Top 20 countries recently visiting Wisdomforlife

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65,117
 – United States
6,453
 – United Kingdom
4,255
 – Canada
3,011
 – South Africa
3,010
 – Philippines
2,834
 – Australia
2,596
 – India
1,378
 – Nigeria
1,269
 – European Union
1,008
 – Singapore
757
 – Kenya
671
 – Ireland
547
 – Ghana
542
 – Malaysia
523
 – Mexico
473
 – New Zealand
392
 – Hong Kong SAR China
383
 – Norway
349
 – Pakistan
337
 – Indonesia

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Overly concerned about offending others?

Don’t let these people set the agenda for your life and ministry.

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“Do you realize you offended the Pharisees by what you just said?” This was the question the disciples asked of Jesus (Matthew 5:12). I wonder how often they could have asked this question. 

Jesus’ answer is very direct and challenging – especially to those who are overly concerned about offending others.

He didn’t say, “Please tell them I am sorry. They must have misunderstood me. I didn’t mean to hurt their feelings.” Instead, he replied, ‘Every plant not planted by my heavenly Father will be uprooted, so ignore them. They are blind guides leading the blind, and if one blind person guides another, they will both fall into a ditch’” (Matthew 15:13-14, NLT).

Jesus was unmoved by the concern that he offended the pharisees. Are we sometimes overly concerned about offending others?

Are there times when we should expect offenses and actually understand them to be a good indicator?

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Where is God when we suffer?

Without this perspective we will not experience God’s comforting presence in our suffering.

Wisdomforlife

cropped-images-75.jpeg“Man born of woman is of few days and full of trouble.” Do you agree with these words?

It seems like a dark outlook spoken in a season of grief.

These are the words of the ancient patriarch, Job. But many echo his sentiment.

Many feel that life is short and full of problems.

Misguided thinking

Sometimes those who become Christians think that it should minimize their troubles. After all, we have God with us! God is for us! What could be against us? Should we expect God to protect us from hardships? Shouldn’t life be easier?

No. Being a Christian does not erase the challenges and troubles of this life

Jesus said, “In this world you shall have trouble” (John 16:33). Paul reminded new believers in Antioch that, “We must go through many hardships to enter the kingdom of God” (Acts 14:22).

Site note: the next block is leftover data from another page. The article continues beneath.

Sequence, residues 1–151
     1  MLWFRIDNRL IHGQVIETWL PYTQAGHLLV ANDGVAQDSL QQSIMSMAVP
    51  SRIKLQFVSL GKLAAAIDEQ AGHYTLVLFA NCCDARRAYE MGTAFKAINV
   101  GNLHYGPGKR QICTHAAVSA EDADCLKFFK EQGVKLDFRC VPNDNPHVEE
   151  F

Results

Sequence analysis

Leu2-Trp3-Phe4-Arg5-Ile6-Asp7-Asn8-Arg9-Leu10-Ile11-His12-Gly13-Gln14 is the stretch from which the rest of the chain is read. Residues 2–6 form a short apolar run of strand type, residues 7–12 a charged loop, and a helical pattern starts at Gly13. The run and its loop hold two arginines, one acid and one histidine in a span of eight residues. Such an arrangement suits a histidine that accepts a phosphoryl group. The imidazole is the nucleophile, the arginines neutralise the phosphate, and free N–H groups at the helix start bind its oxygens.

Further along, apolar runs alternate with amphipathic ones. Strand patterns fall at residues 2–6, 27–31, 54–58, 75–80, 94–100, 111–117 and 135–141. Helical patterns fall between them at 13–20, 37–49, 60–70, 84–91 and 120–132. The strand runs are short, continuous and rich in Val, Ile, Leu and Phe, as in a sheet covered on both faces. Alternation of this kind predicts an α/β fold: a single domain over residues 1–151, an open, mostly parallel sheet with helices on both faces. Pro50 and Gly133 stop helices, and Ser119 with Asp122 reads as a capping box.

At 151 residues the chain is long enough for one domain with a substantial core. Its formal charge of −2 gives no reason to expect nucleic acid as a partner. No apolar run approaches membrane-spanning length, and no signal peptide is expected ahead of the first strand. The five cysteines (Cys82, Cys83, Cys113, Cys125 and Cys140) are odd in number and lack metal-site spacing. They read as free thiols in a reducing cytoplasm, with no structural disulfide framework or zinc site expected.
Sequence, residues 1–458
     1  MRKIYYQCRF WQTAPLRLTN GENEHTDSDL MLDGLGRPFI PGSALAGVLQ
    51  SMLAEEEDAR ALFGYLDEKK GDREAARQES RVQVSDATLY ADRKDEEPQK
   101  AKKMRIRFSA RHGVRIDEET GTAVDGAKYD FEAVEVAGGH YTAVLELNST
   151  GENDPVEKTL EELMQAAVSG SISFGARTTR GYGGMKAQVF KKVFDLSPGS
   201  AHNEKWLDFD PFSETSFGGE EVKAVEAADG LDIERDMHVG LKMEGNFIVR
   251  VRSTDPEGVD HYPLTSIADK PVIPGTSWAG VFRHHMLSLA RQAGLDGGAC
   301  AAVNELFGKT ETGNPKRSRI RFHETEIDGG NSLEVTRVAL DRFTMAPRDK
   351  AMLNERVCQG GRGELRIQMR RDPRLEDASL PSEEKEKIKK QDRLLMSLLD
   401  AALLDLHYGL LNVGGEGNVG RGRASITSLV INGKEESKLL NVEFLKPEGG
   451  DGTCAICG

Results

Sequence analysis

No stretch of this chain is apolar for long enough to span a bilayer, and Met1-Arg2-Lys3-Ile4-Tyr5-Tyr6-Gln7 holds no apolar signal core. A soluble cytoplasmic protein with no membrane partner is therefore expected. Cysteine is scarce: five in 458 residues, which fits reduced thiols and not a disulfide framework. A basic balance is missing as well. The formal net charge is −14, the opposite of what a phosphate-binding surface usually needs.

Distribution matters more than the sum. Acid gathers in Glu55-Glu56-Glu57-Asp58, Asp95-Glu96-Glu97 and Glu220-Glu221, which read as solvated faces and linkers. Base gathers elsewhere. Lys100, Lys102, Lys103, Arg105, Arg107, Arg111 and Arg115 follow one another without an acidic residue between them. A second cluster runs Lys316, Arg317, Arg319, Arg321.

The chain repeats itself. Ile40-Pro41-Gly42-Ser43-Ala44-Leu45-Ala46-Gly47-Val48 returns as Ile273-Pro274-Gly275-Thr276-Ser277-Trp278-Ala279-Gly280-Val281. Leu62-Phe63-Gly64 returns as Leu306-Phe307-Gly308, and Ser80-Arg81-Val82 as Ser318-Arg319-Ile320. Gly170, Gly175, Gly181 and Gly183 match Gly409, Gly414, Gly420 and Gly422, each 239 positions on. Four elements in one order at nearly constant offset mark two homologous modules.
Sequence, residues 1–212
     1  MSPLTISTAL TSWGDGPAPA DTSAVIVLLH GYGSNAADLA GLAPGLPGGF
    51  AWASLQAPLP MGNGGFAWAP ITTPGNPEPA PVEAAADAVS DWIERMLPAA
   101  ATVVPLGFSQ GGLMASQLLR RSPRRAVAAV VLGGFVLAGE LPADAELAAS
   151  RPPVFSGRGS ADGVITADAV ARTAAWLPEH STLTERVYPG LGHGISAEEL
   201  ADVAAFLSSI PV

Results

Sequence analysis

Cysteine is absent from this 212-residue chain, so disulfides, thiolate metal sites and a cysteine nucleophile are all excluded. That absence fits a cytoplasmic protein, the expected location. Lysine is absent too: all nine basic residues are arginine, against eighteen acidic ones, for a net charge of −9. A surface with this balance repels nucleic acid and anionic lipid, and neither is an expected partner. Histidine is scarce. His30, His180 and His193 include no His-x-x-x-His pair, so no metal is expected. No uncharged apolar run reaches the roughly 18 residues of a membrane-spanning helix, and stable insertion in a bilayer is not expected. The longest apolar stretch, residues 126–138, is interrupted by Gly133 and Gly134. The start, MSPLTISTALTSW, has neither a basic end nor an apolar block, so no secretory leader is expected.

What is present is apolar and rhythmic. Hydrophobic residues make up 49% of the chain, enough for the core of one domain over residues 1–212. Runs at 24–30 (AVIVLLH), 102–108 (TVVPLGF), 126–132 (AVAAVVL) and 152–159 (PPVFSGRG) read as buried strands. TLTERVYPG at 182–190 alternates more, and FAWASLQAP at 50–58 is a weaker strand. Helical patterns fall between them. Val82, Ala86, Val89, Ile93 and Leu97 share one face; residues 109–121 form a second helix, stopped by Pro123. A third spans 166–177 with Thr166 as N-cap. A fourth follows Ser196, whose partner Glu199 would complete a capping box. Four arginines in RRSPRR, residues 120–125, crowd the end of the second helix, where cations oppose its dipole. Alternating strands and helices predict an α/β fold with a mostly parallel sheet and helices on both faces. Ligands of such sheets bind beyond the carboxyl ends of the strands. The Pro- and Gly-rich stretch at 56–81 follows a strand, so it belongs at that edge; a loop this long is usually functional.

Trouble and hardship cannot separate us from…

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Truth from a five year old

cropped-wisdomlife1.jpgMy 5 year old granddaughter never ceases to amaze me! She was in my office and picked up a book. She read the title, “When people are big and God is small.” She then asked me what it means. As I was trying to explain it to her, she said, “Pa Pa, it’s wrong because God is big and people are small.” I hope and pray she will always remember this.

Steve Cornell

 

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Don’t waste your ministry

We must make wise choices about those we devote time and ministry too. This post compliments the previous one about being Christlike.

It reminds us of the guidance of the Proverb that says, “Anyone who rebukes a mocker will get an insult in return. Anyone who corrects the wicked will get hurt. So don’t bother correcting mockers; they will only hate you. But correct the wise, and they will love you. Instruct the wise, and they will be even wiser” (Proverbs 9:7-8)

Wisdomforlife

“Do not give dogs what is sacred; do not throw your pearls to pigs. If you do, they may trample them under their feet, and then turn and tear you to pieces” (Matthew 7:6).

These are strong and difficult words for contemporary ears. 

The thought of purposefully refusing to reach out to someone is hard for Christians to understand. But Christians are in great danger when they refuse to be discerning; when they are unwilling to make proper judgments.



  • “It is easy to see how new danger arises. The disciple of Jesus has been told to love his neighbor as himself, and to love his enemies. He is to mirror God’s graciousness, the God who even-handedly sends his rain upon both the just and the unjust. He has been told never to adopt a judgmental mentality. As a result, he is in chronic danger of becoming wishy-washy, of refusing legitimate…